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Author Topic: Bulb log 15th August  (Read 1647 times)

shelagh

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Bulb log 15th August
« on: August 15, 2012, 02:23:33 PM »
Hi Ian, nice to see your purple Linaria.  I also notice that you take your pinking shears to you Rhodo leaves or is that a sign of the dreaded Vine Weevil?
Shelagh, Bury, Lancs.

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Ian Y

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Re: Bulb log 15th August
« Reply #1 on: August 15, 2012, 03:02:13 PM »
Oh yes Shelagh, I could write a lot about pests including the vine weevil.

I collected hundreds of snails yesterday and expect a similar haul today they are enjoying the haar.

To non Scots speakers a haar is a sea mist that comes in - it is like walking in cloud no rain falls but you get wet as you walk through it and drips constantly fall from the trees.
Ian Young, Aberdeen North East Scotland   - 
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mark smyth

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Re: Bulb log 15th August
« Reply #2 on: August 15, 2012, 06:58:35 PM »
what's happened to the ragweed? It's everywhere these days yet when I was wee there were posters everywhere tellings farmers to get rid of it
Antrim, Northern Ireland Z8
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Maggi Young

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Re: Bulb log 15th August
« Reply #3 on: August 15, 2012, 07:08:20 PM »
There is ragwort/ragweed everywhere here nowadays. Drives me crazy since in my youth I spent a lot of time digging the damn stuff up.  My own opinion is that there are far too many landowners/"farmers" now who have no real knowledge of the land and the dangers of such weeds to livestock and so they grow unchecked. Farms that are run at distance by folk who are not there often enough to care about the day to day health of their animals, never mind what dangers might be growing in their fields.  There have been terrible instances of neglect in that respect around the country, my own aunt has witnessed it first hand, and had the devil of a job to get action to counter it and bring the culprits to book.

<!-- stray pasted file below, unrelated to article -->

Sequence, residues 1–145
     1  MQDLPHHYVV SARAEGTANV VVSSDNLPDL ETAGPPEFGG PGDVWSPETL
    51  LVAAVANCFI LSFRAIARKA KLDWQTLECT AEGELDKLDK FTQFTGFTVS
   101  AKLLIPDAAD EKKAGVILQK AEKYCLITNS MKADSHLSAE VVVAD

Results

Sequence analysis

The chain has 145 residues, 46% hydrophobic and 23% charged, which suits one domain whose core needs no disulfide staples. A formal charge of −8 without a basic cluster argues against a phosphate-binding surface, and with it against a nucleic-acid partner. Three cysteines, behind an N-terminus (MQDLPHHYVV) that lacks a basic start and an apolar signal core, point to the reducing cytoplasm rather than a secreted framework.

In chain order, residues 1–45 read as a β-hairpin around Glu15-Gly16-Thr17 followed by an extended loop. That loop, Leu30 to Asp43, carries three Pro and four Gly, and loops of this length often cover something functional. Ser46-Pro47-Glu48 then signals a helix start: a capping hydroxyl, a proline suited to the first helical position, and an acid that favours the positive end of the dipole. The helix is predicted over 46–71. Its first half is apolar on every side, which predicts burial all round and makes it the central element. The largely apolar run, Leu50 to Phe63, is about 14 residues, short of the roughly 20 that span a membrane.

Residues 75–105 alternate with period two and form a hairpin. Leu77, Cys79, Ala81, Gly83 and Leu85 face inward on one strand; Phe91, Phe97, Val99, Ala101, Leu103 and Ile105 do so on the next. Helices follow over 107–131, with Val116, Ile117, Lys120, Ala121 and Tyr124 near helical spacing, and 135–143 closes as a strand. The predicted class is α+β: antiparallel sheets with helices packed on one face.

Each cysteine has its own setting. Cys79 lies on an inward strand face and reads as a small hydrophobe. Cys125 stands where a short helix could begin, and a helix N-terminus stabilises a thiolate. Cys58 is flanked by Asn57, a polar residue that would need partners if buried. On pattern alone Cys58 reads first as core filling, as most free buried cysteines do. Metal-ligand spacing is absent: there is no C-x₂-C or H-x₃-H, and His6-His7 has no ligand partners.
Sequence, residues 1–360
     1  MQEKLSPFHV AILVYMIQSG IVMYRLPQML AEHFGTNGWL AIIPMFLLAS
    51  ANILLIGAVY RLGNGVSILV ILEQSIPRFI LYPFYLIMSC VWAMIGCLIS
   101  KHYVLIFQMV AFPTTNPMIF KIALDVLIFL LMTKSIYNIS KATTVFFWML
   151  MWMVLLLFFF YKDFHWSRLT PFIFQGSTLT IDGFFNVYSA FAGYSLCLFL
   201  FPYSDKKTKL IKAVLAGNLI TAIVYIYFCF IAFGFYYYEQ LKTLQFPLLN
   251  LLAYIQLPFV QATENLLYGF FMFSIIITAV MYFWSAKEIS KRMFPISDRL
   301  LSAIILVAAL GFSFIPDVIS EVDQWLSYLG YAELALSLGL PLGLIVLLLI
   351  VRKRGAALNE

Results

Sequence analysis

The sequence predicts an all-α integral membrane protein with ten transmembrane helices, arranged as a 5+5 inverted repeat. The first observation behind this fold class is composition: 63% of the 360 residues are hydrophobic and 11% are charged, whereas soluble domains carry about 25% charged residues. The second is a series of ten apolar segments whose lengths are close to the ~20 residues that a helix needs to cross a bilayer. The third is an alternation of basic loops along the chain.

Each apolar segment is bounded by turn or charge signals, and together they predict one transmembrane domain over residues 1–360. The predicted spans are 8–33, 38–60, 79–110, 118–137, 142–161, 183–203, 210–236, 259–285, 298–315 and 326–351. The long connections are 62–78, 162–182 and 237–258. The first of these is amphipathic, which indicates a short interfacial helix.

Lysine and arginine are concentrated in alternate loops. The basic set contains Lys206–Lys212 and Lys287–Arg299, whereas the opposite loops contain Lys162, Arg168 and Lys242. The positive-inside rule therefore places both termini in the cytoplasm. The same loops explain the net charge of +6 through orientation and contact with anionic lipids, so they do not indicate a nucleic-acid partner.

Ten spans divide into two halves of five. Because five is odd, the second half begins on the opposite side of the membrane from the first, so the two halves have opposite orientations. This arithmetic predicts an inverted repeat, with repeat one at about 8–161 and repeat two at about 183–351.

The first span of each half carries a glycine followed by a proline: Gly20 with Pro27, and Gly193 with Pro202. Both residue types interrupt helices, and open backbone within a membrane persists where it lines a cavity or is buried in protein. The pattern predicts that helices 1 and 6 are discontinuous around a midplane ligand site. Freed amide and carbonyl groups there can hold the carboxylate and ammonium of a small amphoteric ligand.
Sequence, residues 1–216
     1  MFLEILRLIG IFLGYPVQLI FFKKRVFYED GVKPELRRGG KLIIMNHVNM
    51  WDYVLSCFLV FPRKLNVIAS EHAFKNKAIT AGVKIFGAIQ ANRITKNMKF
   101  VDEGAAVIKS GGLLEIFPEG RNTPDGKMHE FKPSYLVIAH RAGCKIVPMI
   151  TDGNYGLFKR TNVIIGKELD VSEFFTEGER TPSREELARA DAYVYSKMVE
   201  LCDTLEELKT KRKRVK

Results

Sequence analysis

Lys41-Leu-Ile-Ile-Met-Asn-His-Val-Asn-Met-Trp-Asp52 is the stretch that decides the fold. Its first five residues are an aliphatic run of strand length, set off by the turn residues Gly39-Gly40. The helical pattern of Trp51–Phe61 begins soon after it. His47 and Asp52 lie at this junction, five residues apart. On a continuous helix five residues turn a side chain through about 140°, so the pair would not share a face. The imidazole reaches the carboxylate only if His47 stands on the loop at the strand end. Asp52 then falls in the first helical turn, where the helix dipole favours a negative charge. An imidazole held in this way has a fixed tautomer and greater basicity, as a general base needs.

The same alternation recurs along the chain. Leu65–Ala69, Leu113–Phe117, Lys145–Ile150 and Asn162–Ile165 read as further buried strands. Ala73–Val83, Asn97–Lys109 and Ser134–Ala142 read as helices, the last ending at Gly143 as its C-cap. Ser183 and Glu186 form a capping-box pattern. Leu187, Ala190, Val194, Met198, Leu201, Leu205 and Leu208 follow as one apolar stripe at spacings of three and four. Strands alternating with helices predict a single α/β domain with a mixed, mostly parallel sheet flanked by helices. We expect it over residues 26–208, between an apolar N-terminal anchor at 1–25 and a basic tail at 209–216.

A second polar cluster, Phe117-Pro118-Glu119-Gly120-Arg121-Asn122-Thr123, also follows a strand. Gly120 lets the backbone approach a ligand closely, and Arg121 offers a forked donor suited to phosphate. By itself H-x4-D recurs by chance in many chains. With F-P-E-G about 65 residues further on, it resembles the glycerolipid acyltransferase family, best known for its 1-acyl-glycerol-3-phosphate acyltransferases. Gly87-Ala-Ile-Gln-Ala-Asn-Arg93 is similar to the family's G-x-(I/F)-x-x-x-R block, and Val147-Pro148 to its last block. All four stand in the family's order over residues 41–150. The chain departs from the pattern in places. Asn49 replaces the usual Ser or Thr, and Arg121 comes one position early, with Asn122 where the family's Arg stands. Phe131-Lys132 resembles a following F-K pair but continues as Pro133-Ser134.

It's not just in lanes, like Ian showed, any field round here has got them in - "wouldn't have happened in my young day!"
I'll bet Roma has no ragwort in her pastures!
Margaret Young in Aberdeen, North East Scotland Zone 7 -ish!

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ronm

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Re: Bulb log 15th August
« Reply #4 on: August 15, 2012, 07:19:38 PM »
I do keep a little bit going in our wild area, - Ragwort that is.  :-[ :-[ :-[ :-[ But only for the beautiful Cinnabar Moths, Tyria jacobaeae.
So I too am guilty, but ............ a lovely thing that deserves to survive. Sorry. ;D
It's in its early stages here during early August.

Roma

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Re: Bulb log 15th August
« Reply #5 on: August 15, 2012, 09:00:54 PM »

 
I'll bet Roma has no ragwort in her pastures!
[/quote]
I do have some but am digging it out.  It's very difficult to get all the roots out and it grows from 'root cuttings' so it comes up again next year.  I did a barrowfull yesterday but there's still some to do.  Sometimes it seems a waste of time when neighbours and local authority or Bear Scotland or whoever is responsible for roadside verges do not remove it.  No Cinnabar Moths around here so I am not depriving them of their food.
Roma Fiddes, near Aberdeen in north East Scotland.

rosco_p

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Re: Bulb log 15th August
« Reply #6 on: August 16, 2012, 12:45:59 PM »
I have been enjoying your bulb log for some time now...very nice job and I have learned a great deal from it. I just wanted to add that in the discussion about weeds vs. flowers...Ralph Waldo Emerson  once said that " a weed is a flower whose virtues have yet to be discovered"... Keep up the great work. Ross.

Ian Y

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Re: Bulb log 15th August
« Reply #7 on: August 16, 2012, 02:55:12 PM »
Welcome to the forum Ross, and thank you for your kind comments. I am very pleased that you enjoy the bulb log and you will get lots of fun from the forum as well.

I do like the quote you give about weeds/flowers I have always been interested in wild flowers and have never seen them as weeds.
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Lesley Cox

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Re: Bulb log 15th August
« Reply #8 on: August 16, 2012, 11:23:48 PM »
To non Scots speakers a haar is a sea mist that comes in - it is like walking in cloud no rain falls but you get wet as you walk through it and drips constantly fall from the trees.

We are having a lot of those lately, the mist drifting over the hill from the sea, interspersed over the last days with heavy rain which has mercifully stopped now but more expected by Sunday.

Last night as I drove home from our OAGG meeting, the haar was so thick I had the wipers on all the way and on our hill road, totally missed the turn-off to our small road, not seeing the entrance to it at all or the signpost up the power pole. I've never driven in mist so thick and it was a bit scary. Great talk though from a Bot Gardens member, about an international Camellia convention in China. Many plants including from the Jade Mountain and it was surprising - but pleasing - to hear that the Chinese govt had financially supported this convention. Wouldn't happen here.
Lesley Cox - near Dunedin, lower east coast, South Island of New Zealand - Zone 9

 


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